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(MCFA) has already been known for many decades. Short chain fatty acids like sorbic-, benzoic and propionic acid are used by food technologists as food ...

Short and medium chain fatty acids make a comeback

In vitro work confirms the antimicrobial properties of medium chain fatty acids. Their differential mode of action compared to the better known short chain fatty acids might explain the fact that piglet trials have repeatedly shown synergistic effects of combinations of the two. MCFA appear to be a potent enhancer of the effects of SCFA, even at low inclusion levels. By Hubèrt van Hees and Bert van Gils

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he antimicrobial activity of short (SCFA) and medium chain fatty acids (MCFA) has already been known for many decades. Short chain fatty acids like sorbic-, benzoic and propionic acid are used by food technologists as food preservatives (See Kabara, 1993 for an overview). Animal nutritionists also appreciate these and other SCFA as (alternative) growth promotors, feed preservatives and gut stabilisers. The potential of MCFA for these applications has been less thoroughly investigated until recently. Vast developments in the applications of antibiotics and chemo-therapeutics during the 1950s and 1960s stopped any fur-

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Figure 1 - Inhibition of pathogenic E.coli

Table 1 - In vitro effect of test substances on metabolic profile and gas production of a standardised gut flora Additive Olaquindox Avilamycin C6 C8 C10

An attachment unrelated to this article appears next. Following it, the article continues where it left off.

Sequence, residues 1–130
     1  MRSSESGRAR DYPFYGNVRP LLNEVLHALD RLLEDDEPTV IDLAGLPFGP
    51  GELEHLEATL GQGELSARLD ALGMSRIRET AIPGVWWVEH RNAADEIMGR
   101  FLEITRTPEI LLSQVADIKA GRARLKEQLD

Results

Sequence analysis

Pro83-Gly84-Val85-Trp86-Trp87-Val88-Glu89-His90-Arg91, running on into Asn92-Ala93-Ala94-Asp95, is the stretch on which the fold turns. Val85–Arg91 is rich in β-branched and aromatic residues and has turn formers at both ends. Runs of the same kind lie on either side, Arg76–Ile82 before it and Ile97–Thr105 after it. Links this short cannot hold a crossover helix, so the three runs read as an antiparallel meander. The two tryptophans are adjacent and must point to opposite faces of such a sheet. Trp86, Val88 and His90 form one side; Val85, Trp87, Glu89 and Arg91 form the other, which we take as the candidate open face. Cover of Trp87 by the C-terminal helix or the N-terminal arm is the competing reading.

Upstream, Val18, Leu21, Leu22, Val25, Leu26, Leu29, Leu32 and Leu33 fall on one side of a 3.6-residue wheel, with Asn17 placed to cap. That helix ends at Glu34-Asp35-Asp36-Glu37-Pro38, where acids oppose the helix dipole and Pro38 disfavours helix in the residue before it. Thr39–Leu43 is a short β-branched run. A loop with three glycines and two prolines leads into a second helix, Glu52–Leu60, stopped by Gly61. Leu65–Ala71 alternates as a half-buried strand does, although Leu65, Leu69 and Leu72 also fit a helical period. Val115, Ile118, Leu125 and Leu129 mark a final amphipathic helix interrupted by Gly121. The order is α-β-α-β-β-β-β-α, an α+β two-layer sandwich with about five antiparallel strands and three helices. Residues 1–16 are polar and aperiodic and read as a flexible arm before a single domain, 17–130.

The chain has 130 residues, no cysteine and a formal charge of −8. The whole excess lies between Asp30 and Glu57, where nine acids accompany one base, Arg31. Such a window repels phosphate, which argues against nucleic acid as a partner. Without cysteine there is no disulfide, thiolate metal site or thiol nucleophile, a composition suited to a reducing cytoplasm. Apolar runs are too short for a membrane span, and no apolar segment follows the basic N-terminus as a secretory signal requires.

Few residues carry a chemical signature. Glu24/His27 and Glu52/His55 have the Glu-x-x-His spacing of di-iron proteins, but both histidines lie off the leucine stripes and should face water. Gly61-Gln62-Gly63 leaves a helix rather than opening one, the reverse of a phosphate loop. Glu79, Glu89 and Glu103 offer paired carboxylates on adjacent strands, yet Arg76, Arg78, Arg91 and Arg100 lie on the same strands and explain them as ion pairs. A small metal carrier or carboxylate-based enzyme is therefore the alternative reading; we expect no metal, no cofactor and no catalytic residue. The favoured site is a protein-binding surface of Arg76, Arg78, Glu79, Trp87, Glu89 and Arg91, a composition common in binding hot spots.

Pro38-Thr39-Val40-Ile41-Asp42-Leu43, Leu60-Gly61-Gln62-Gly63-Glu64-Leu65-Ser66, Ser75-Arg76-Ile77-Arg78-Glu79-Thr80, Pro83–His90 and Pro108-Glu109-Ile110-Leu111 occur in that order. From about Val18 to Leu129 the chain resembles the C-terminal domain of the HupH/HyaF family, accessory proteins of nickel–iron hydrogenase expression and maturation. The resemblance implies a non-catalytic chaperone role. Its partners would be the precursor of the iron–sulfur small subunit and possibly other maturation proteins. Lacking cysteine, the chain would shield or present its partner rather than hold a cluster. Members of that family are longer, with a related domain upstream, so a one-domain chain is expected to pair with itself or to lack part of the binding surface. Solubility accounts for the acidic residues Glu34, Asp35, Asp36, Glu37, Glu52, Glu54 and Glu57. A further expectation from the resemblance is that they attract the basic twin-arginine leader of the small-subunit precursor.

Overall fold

Lactic acid

Formic acid

Acetic acid

Propionic acid

Butyric acid

Gas formation

+++ 0 0 ++ ++

+ 0 0 0

+ 0 0 0

-0 -

0 -

+ 0 -

Figure 2 - The respiratory chain and electron-transport phosphorylation across the cytoplasmic membrane of bacteria with an without medium chain fatty acids (MCFA  RCOO-H)

ther exploitation of the antimicrobial properties of these fatty acids. However, the ban on the use of certain antibiotics as growth promoters in animal feeds has given rise to renewed research interest in this area. Specifically combinations of SCFA and MCFA have been shown to be of interest as feed supplements. Fatty acids with a chain length between 6 and 11 or 12 carbon atoms are regarded as MCFA. They are present in so-called lauric vegetable oils, coconut and palm kernel oil. Because of their longer chain lengths they have a more lipophilic character compared to short chain fatty acids (SCFA). Hence they have distinct different absorption mechanism but also a distinct antimicrobial action. Already some years ago a Belgium research team presented in vitro results on SCFA and MCFA in pigs (Decuypere et al., 1994). By culturing the intestinal flora of the pig, with or without organic acids, they found that SCFA selectively inhibited E. coli bacteria. Caproic (hexanoic) acid also depressed the growth of Lactobacillus and Streptococcus spp., while capric (decanoic) and lauric (C12) acids only depressed Lactobacillus and Streptococcus spp. Despite their potent antimicrobial activity, MCFA have a low toxicity to mammals and humans in general (Traul et al., 2000).